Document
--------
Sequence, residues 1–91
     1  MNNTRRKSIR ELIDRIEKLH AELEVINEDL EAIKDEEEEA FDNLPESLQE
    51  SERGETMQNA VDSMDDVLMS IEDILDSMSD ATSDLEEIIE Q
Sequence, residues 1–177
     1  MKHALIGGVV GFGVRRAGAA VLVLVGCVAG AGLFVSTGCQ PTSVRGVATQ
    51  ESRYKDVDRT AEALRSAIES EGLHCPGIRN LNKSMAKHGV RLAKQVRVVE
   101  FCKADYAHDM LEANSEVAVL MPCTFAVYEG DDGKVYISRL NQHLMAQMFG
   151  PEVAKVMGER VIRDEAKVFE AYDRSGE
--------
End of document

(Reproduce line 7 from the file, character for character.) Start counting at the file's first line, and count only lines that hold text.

   101  FCKADYAHDM LEANSEVAVL MPCTFAVYEG DDGKVYISRL NQHLMAQMFG